Government reforms raise issues on how Britain’s poorest will be housed in the future
Stonewater, a leading UK social housing provider, has said that the Government’s new housing reforms which aim to make housing associations more efficient and business-like, will fundamentally change the way associations meet housing needs, raising issues on how the nation’s poorest will be housed in the future.
Giving oral evidence in Westminster to the Department for Communities and Local Government Select Committee’s (DCLG) inquiry into housing associations and Right to Buy - which enables social housing tenants to buy the home they are living in at a significant discount - Stonewater Deputy Chief Executive Nicholas Harris said:
“The Government has called on the sector to become more commercially minded and efficient and while this is very much supported by Stonewater and many other housing associations, reforms such as Right to Buy, Pay to Stay, changes to S106 agreements, and the 1% reduction in social housing rents, will force the pace and direction of the sector and require substantial structural change. This shift in focus will prevent associations from housing poorer parts of the community, as we have done in the past, which will create new challenges for the regulator and for policymakers.”
Stonewater’s views reflect issues raised last month at a round table discussion the organisation led in advance of the Government’s Housing Bill and planned sector reforms which was attended by MP Clive Betts, Chair of the DCLG Select Committee, and other housing association chief executives.
“We are concerned that a combination of the benefits cap reduction, decrease in the number of social rents, and reduction in the number of affordable homes available will make housing unaffordable for a significant number of people. It could leave the less well-off unable to afford housing, particularly in high-demand, high-value parts of the country like the South,” said Nicholas Harris. “As their nature shifts, housing associations will meet a growing and genuine need for affordable housing for relatively higher income earners and will provide the opportunity to diversify products to meet their homeownership aspirations. It does so at the expense of those at the poorest end of the spectrum. The question of where they will go and the impact on other social care budgets will be a significant one for the Government and local authorities.”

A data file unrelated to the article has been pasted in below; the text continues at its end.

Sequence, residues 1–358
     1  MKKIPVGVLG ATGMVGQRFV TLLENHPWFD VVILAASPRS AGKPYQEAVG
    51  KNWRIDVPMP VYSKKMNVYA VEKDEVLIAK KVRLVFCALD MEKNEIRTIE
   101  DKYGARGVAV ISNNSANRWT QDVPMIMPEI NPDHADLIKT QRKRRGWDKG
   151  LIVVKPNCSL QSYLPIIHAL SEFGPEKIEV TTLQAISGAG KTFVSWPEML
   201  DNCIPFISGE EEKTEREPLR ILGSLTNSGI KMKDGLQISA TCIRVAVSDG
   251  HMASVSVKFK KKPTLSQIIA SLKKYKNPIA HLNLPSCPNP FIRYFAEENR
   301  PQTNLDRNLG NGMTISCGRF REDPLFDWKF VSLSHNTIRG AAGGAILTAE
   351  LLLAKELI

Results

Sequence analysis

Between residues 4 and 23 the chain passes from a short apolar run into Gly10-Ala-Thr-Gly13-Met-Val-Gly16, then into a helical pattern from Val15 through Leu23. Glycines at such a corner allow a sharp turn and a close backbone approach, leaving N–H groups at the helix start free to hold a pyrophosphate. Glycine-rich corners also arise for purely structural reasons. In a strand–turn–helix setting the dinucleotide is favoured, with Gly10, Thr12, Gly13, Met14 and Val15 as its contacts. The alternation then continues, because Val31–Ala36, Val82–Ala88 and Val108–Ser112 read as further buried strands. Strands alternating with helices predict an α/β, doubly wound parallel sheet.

Stonewater, which manages and owns 30,000 homes across England, supports the Government’s Pay to Stay scheme (where social housing tenants earning over £30,000 (£40,000 in London) pay a higher rent to stay in their home) but would also like measures in place to help people in the £30,000-£40,000 income bracket who are unlikely to be able to afford market rent in expensive housing areas of the country.
“We await detail on the Government’s plans to taper the impact of Pay to Stay for those households earning just over £30,000. However, it is clear that in higher-value areas outside of London the £30,000 threshold is set too low, which will penalise families unable to afford market rents, and is not the stated purpose of the policy,” said Nicholas Harris.
While the affordable housing provider welcomes Government plans to increase the opportunities for homeownership, the impact of Right to Buy which requires housing associations to sell homes at significant discounts, combined with the 1% cut in social housing rents, will reduce the number of homes housing providers can afford to build in the future and where they build them.
“Our current position is that our build programme will have to be scaled down given the overall reduction in financial capacity brought about by rent reduction. Providing one-for-one replacements in areas with higher land prices and greater demand may also prove unsustainable. We would want to maximise value and build replacement homes, where land prices are lower and there is less competition for land,” said Nicholas Harris. “Over time, this may see a withdrawal of housing associations from certain areas of the country, particularly the south-east of England, and the onus to house those unable to afford market rates increasingly falling on local authorities.”
For housing associations that are geographically restricted, he believes there would be little option to provide one-for-one replacements in cheaper other parts of the country. “Combined with the additional cost burdens of reducing rents and other recently announced measures, these smaller housing associations may find it difficult to replace their stock and could become unviable, leading to mergers and fewer, larger providers.”
Housing associations build around 45,000 affordable homes and 5,000 private homes across the country every year. According to Nicholas Harris, organisations like Stonewater are keen to work with all levels of government to bring their expertise and considerable investment potential together to tackle the housing crisis. It’s vital however, that they have the means to deliver the right mix of affordable homes in parts of the country where they are needed most.